The answer to that one seems to be none. However, I'd guess the officer in this case felt as though you were complying with the 'spirit' of the law on stop signs (i.e. giving way to all the traffic on the cross-road, of which there was none), and felt that a ticket in that situation was a waste of time. I often do that myself, however, I wouldn't advise repeating that stunt when it's busy.


Quote:
Originally Posted by Bacterozoid
I live in Indiana if that's relevant.
Yes they do. However, I wouldn't be asking others what the law in your area says, when a quick google search of Indiana+"road rules"+bicycles would probably allow you to simply read it yourself.
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Old 10-06-04, 01:20 AM   #11
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'stop signs stop no one'! I rarely ever even see a car let alone a bike stop at a stop sign if there is no traffic coming. They slow down but never stop, and the rule is that you must come to a halt. I say just slow down a bit, but do look out for cops, over hear there pretty tough!
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Old 10-06-04, 08:03 AM   #12
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Everyone drives like a maniac here, so even if I don't come to a full stop, I at least slow down enough so that I can look to see who's coming. There are certain streets I always stop at because I know there's a good likelihood someone will come speeding down the street, even if they have a stop sign.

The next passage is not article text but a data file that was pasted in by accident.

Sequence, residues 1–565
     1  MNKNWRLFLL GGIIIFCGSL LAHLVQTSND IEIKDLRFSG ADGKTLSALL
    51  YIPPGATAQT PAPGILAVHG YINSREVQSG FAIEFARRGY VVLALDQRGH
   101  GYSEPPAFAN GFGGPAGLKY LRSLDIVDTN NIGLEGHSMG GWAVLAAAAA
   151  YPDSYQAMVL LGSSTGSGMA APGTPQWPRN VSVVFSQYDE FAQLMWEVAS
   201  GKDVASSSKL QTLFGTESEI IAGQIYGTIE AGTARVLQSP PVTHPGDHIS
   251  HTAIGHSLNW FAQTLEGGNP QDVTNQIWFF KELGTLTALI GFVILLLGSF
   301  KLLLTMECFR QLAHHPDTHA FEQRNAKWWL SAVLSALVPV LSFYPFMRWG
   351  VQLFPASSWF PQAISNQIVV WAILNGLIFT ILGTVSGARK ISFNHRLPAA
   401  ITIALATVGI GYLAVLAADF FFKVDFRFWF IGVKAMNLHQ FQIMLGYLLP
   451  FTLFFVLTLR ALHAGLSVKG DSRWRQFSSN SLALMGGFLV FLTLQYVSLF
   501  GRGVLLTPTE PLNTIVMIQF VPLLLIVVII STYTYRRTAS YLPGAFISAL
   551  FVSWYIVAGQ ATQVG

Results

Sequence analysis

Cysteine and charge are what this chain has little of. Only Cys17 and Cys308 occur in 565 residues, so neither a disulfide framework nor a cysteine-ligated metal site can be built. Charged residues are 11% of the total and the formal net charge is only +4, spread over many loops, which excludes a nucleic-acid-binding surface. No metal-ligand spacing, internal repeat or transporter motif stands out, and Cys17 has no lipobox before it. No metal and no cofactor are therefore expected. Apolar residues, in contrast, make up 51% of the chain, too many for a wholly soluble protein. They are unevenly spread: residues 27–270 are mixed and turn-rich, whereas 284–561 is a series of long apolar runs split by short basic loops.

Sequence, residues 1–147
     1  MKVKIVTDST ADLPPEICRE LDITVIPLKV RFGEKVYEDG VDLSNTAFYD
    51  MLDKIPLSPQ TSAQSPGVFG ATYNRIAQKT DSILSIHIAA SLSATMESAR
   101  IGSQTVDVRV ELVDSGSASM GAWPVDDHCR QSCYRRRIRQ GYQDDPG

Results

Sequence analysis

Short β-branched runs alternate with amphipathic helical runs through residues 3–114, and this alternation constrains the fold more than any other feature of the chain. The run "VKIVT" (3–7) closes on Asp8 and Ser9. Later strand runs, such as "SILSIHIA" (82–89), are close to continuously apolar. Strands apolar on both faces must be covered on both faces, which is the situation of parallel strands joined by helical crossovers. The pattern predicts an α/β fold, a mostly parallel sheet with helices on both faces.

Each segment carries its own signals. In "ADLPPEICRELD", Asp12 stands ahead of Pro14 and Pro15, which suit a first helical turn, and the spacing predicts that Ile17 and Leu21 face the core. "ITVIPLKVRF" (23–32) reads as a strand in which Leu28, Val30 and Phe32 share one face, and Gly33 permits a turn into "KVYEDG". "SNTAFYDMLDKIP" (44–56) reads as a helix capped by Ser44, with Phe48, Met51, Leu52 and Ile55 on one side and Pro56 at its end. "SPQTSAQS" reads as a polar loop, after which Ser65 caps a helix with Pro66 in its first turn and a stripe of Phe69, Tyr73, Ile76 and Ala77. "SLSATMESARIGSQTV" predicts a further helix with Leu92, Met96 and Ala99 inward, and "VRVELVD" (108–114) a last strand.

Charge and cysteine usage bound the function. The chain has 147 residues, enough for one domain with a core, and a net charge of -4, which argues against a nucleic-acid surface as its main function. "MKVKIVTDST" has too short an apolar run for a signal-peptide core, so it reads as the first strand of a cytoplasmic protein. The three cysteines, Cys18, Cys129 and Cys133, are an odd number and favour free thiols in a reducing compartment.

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Old 10-06-04, 09:34 AM   #13
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Quote:
Originally Posted by Bacterozoid
...there are several crossings in which I have the stop sign, but as I get near, I see no cars coming. Am I the only person here who'll coast through without stopping (taking caution though)....
I have been "pulled over" for this... in spite of the fact that there was no cross traffic, as you state. A stop sign still means stop!

Yeah it is a PITA and ruins your pace... I managed to talk myself out of the ticket... the cop was cool about it... he said: "the first one I let go, the second one kinda caused a double take, but when you blew the third one, I had to stop you... "

He gave me a warning.